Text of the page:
The hostile environment comes of age – Why Labour must stand up for asylum seekers, Pamela Fitzpatrick


“The pandemic did not create poverty nor racism. But it has cast a blinding light on the intolerable levels of both in our society.”

Pamela Fitzpatrick

The hostile environment is not a new concept.  Twenty-one years ago a Labour Government under Tony Blair introduced legislation to radically overhaul the system of support to asylum seekers.  The Tory Government from 1994 had started to impose restrictions on access to welfare benefits. But it was the New Labour Government of 1997 that imposed the most draconian of attacks on asylum seekers. 

In the past, approximately 90% of asylum seekers lived in London.  They could lawfully work to support themselves and could claim social security benefits such as income support if they became unemployed or sick paid albeit at a reduced rate of 90% of the standard rate of benefit.  

From April 2000 asylum seekers were removed from being able to access social security benefits, council housing and were also restricted from accessing support from social services.   Instead, a new system was established and support in the form of vouchers was available on condition that the asylum seeker was dispersed away from the South East of England.  Accommodation was provided on a no choice basis to designated areas of the UK, mainly Glasgow, the North East and North West of England and the Midlands. The vouchers were eventually abolished but Asylum seekers are still prevented from having cash and instead receive their payments via a pre-paid card.

New Labour adopted a rhetoric that the majority of asylum seekers were bogus and presented a threat.  It created a sense of crisis which together with the media encouraged hostility within the general population not just to asylum seekers but to all migrants. The Labour Government justified its harsh treatment on the basis that most asylum seekers were not genuine, instead they were attracted by our generous welfare benefits system or were simply economic migrants.   The reality is that the UK has only ever hosted a tiny proportion of the worlds refugees and most asylum seekers would have no knowledge of the UK benefit system.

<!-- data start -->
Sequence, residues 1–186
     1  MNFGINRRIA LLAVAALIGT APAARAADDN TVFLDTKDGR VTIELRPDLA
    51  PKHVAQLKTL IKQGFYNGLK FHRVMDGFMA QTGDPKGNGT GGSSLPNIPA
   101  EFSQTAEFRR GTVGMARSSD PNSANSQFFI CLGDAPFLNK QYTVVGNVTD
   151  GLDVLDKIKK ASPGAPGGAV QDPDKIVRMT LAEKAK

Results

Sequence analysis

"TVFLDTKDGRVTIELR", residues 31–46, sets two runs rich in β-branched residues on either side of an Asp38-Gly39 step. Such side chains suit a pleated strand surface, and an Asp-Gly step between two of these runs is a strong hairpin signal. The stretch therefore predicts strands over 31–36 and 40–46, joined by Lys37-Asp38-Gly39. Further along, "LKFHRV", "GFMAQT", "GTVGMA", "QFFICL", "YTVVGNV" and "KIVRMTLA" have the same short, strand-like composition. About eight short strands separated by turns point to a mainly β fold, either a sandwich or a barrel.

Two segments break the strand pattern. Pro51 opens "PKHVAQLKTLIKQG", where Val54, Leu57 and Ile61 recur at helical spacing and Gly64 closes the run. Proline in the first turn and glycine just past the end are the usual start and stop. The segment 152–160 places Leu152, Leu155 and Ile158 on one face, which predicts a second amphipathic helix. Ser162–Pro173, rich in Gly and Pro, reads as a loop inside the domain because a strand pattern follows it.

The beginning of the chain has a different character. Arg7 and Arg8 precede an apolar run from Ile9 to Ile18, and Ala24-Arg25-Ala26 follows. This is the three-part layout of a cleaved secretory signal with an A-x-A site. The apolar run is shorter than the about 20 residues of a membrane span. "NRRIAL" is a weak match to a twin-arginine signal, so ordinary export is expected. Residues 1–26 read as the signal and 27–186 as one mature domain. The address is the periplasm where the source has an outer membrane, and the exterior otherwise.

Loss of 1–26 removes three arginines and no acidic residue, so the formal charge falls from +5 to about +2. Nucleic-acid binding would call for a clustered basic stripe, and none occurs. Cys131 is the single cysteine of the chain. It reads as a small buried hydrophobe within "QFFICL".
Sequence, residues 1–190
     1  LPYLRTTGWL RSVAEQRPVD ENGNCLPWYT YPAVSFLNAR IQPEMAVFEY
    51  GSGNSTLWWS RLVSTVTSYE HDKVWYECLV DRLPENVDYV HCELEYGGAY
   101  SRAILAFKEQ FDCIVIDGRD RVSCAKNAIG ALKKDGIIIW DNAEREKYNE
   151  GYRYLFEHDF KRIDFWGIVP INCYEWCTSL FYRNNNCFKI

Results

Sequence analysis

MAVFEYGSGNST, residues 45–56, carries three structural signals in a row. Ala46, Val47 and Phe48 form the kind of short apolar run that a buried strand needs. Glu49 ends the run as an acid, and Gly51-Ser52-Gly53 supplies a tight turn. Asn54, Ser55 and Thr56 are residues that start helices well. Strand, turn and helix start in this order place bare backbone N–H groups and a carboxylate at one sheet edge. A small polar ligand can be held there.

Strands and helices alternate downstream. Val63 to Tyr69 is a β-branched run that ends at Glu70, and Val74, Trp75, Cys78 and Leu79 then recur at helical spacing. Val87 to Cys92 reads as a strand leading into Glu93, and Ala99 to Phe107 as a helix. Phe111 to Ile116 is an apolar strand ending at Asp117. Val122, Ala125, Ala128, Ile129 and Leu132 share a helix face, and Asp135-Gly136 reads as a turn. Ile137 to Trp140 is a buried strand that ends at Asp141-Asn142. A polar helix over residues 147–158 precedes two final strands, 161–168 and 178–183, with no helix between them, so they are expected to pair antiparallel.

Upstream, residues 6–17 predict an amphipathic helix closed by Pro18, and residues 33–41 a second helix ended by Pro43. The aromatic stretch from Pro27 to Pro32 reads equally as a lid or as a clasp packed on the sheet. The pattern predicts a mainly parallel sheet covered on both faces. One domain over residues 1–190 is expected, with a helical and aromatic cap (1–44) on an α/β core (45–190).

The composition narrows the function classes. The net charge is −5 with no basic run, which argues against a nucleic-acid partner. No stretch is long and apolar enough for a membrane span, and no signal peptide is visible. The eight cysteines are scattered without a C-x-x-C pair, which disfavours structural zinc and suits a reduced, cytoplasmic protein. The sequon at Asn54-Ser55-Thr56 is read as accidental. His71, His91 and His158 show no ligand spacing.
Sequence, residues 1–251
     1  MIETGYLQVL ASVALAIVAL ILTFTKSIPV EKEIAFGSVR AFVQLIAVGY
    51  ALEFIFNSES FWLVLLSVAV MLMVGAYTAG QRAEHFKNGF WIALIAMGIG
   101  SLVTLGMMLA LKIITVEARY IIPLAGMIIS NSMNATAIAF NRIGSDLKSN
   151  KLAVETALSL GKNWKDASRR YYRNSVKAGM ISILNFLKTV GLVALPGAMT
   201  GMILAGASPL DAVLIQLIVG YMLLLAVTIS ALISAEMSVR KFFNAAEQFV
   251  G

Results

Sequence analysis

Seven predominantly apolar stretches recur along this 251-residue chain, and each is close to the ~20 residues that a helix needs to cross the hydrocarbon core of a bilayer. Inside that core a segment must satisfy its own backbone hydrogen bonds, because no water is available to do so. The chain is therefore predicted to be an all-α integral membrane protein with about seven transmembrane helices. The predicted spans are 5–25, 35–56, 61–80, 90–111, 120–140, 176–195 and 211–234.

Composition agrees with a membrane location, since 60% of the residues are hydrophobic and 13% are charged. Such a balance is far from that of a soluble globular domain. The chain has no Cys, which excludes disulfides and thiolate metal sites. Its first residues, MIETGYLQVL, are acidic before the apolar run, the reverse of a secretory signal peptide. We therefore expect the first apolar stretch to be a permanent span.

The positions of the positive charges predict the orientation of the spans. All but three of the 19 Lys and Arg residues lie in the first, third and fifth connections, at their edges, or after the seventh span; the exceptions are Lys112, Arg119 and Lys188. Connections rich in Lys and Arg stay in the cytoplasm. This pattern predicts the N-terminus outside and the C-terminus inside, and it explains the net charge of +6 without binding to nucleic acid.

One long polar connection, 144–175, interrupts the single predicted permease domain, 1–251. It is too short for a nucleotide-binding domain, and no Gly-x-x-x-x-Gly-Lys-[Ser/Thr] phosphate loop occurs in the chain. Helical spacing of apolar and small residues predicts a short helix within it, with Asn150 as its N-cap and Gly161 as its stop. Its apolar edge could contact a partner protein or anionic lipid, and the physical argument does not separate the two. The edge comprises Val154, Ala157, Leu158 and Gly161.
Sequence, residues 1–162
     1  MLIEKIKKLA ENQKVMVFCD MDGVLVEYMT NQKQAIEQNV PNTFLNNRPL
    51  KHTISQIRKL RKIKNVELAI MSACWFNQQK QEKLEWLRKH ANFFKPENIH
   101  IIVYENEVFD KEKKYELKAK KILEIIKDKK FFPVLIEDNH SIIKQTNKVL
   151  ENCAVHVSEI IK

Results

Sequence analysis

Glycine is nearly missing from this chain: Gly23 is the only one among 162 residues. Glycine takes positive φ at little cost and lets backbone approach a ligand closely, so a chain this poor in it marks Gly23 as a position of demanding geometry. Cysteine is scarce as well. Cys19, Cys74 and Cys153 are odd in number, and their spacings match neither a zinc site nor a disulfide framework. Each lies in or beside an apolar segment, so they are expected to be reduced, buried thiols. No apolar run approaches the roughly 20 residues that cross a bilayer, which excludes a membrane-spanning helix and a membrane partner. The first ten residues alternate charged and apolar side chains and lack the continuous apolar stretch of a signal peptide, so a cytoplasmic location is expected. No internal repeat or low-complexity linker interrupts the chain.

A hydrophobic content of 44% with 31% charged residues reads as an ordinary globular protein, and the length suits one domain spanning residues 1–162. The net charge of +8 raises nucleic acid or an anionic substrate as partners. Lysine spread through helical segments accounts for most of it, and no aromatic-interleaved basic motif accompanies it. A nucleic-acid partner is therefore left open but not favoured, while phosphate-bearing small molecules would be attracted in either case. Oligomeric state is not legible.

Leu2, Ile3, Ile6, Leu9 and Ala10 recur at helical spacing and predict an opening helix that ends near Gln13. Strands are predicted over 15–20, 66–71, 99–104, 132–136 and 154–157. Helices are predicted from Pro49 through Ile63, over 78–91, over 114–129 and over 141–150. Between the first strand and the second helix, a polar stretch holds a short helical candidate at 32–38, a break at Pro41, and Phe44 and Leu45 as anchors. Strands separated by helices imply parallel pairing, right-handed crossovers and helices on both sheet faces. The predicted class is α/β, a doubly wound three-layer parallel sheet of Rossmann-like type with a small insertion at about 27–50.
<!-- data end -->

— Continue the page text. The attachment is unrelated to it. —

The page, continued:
Although focused on asylum seekers other migrants were to subsequently be targeted with policies that made life in the UK more difficult.

For example in 2004 the hostile environment was extended to EU nationals with the introduction of the Right to Reside test.  The test was designed to exclude EU nationals who were not economically active from accessing state benefits and council housing.  The problem is that there is a very high error rate in decision making and as a result thousands of EU nationals have been wrongly refused benefit and forced into homelessness. 

It’s taken a pandemic to bring public awareness of the poverty level of benefits.  The huge expansion of foodbank use, children going hungry and the rise of people having to choose between eating or heating was well documented but largely ignored.   But the lockdown meant that many who had never previously encountered the benefit system suddenly had to rely on it.  A public outcry at the poverty levels of benefit forced the Government into introducing an uplift to Universal Credit of £20 per week in April 2020 bringing the monthly standard rate for a couple aged over 25 to £594.04.  This is rightly considered too low an amount to survive on.  Yet the rate of asylum support is set at the grand sum of £39.63 per week.  The rate has increased by just £3.09 since its introduction 21 years ago.  The amount is supposed to be sufficient for food clothing and social activity. But it fails to reflect that asylum seekers incur frequent travel costs directly related to their asylum claim.

The forced dispersal of asylum seekers remains a problem.  Asylum accommodation tends to be concentrated within dispersal areas, and parts of dispersal areas, where there is cheap and more readily available accommodation. The unequal distribution of asylum seekers within dispersal areas has been a longstanding concern for local authorities. For example, evidence submitted to the Home Affairs Committee’s 2018 inquiry from the leader of Barnsley Metropolitan Borough Council stated that, at that time, “10% of the UK’s asylum seekers are in just 40 wards in Yorkshire and the Humber.

Asylum seekers generally arrive in the UK with nothing. Indeed asylum support is only paid to asylum seekers who are considered destitute.  Most will have experienced severe trauma and brutality and many will have witnessed the murder of a relative.  Most are in need of a welcome reception and support to rebuild their lives. The level of support provided to asylum seekers is something we should all be ashamed of.  That it was instigated by a Labour Government is one of the more shameful episodes in our history.

The pandemic did not create poverty nor racism. But it has cast a blinding light on the intolerable levels of both in our society.  It has exposed the impact of policies which have forced people to live at poverty levels and the resulting resulted in a structural inequality which in many cases has been life threatening.  The outrage is palpable and rightly so.  But asylum seekers remain forgotten.  Now is the time that Labour must put right the wrongs of the past and bring asylum seekers back within the mainstream welfare state.  If not Labour, who will?

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